Technology 3 min read

AI Tool to Measure Human Conceptual Understanding Developed

A new machine learning algorithm tracks brain activity patterns to measure the conceptual understanding of learners and assign a “neural score.”

Image courtesy of Shutterstock

Image courtesy of Shutterstock

Humans are not born with conceptual understanding. We develop it over the years as we move forward on our learning journey.

The ability to internalize concepts help us succeed academically and professionally.

As learners pick up new ideas, regardless of the domain, they also develop sets of skills and experiences. With time, learners gain the ability to express and transfer this knowledge to other individuals.

It’s more than just knowing “isolated facts” because it requires the connection between concepts and the contexts in which they should be applied.

How to teach new ideas is another topic that gets its share of focus. Here, it’s more about the evaluation methods used to assess students’ understanding of concepts.

Conceptual Understanding Footprint in the Brain: Neural Score

How well do you think you can grasp new concepts?

Forget paper-and-pencil assessment and traditional tests. They were both deemed to be inefficient, or let’s say insufficient, especially with the development of educational technologies and the rapid progress of sciences.

A research team from Dartmouth College has devised a machine learning algorithm based on students’ brain activities that can measure how well they understand a concept.

The study, published in Nature Communications, is one of the first studies to investigate how knowledge acquired in school is reflected in the brain.

Researchers tested twenty-eight novice and intermediate learners at Dartmouth on their understanding of some mechanical engineering and physics concepts before they assessed their conceptual understanding of Newton’s third law.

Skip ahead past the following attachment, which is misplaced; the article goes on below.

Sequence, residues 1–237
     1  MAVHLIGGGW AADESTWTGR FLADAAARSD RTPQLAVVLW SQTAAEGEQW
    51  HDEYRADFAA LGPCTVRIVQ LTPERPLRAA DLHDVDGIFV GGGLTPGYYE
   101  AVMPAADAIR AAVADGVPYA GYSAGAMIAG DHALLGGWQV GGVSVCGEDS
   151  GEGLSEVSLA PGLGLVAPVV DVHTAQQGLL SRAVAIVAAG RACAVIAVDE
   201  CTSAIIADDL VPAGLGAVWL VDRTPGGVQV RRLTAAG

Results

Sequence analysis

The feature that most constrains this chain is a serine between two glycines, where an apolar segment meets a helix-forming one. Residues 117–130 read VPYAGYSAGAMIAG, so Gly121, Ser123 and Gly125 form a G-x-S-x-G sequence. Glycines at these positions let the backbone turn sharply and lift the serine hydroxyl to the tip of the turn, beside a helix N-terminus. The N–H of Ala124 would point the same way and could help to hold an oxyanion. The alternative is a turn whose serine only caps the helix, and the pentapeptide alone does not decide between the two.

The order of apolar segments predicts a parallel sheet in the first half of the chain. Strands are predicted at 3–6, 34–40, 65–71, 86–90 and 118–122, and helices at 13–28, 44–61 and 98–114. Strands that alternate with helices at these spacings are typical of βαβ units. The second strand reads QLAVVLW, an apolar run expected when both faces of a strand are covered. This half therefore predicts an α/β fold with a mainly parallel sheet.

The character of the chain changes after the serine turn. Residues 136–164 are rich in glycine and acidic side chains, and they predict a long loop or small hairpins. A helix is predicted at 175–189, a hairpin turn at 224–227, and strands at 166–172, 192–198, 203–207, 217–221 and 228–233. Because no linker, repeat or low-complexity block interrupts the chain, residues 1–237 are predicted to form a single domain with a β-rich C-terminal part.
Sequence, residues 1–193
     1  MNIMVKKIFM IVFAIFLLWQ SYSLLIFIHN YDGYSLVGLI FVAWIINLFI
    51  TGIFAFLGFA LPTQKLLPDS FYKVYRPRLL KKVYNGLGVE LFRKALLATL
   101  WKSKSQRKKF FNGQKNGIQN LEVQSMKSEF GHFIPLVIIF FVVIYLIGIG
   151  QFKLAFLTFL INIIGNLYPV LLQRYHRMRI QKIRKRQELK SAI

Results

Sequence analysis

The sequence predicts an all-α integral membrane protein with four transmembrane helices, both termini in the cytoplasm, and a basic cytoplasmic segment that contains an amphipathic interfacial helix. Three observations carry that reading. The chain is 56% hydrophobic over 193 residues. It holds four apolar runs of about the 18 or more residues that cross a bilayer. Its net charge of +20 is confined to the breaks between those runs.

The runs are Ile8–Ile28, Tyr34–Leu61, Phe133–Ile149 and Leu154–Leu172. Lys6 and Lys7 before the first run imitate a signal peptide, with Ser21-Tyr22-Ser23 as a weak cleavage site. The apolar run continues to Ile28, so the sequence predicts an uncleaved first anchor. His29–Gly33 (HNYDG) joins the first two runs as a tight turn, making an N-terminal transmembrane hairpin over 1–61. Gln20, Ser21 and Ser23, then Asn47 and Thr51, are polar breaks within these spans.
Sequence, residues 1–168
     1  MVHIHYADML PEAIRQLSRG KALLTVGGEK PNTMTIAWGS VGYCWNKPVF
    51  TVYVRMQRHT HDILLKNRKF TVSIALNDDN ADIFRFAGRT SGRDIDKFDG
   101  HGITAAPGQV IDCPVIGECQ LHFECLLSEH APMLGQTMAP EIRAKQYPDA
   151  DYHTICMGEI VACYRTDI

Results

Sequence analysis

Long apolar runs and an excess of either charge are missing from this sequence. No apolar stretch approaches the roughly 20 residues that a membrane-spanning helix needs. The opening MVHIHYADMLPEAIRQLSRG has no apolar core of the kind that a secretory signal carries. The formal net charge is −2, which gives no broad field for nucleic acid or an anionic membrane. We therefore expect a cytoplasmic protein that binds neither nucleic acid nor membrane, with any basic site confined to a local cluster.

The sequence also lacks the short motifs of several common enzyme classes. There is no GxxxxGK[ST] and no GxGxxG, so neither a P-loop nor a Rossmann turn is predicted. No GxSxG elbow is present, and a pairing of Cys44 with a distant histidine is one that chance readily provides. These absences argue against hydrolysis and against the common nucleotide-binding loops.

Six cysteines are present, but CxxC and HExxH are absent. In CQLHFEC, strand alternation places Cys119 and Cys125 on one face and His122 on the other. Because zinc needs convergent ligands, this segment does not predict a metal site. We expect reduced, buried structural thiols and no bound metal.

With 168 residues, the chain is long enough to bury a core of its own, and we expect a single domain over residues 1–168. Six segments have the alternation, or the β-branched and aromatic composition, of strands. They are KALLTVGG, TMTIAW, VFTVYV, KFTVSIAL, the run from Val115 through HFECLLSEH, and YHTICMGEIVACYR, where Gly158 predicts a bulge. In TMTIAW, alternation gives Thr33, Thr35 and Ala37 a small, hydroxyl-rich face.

While inside an fMRI scanner, participants were shown images of bridges, buildings, and other structures, so they can think about the balance forces that keep the structures in place. Then, they were asked whether the Newtonian forces were labeled correctly in other images representing the same structures.

Outperforming the novices who answered 53.6 percent of the diagrams correctly, intermediate students were correct 75 percent of the time.

This machine learning method, called informational network analysis, is an innovative assessment tool that generates neural scores to predict the differences in performance between learners.

To validate their results, the team also conducted two traditional multiple-choice tests, and results showed that the higher the neural score, the higher a student would perform on the conventional tests.

Senior author David Kraemer, an assistant professor of education at Dartmouth, explains their approach:

“When engineering students looked at images of real-world structures, the students would automatically apply their engineering knowledge, and would see the differences between structures such as whether it was a cantilever, truss or vertical load. Based on the similarities in brain activity patterns, our machine learning algorithm method was able to distinguish the differences between these mechanical categories and generate a neural score that reflected this underlying knowledge.”

Before practicing it with students, maybe teachers themselves could benefit from such a method to assess their own conceptual understanding. Because if teachers struggle with a given concept, they will transfer a shaky knowledge to their students.

Read More: New Study: Eating Nuts In Early Pregnancy Boosts Children’s Intelligence

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Zayan Guedim

Trilingual poet, investigative journalist, and novelist. Zed loves tackling the big existential questions and all-things quantum.

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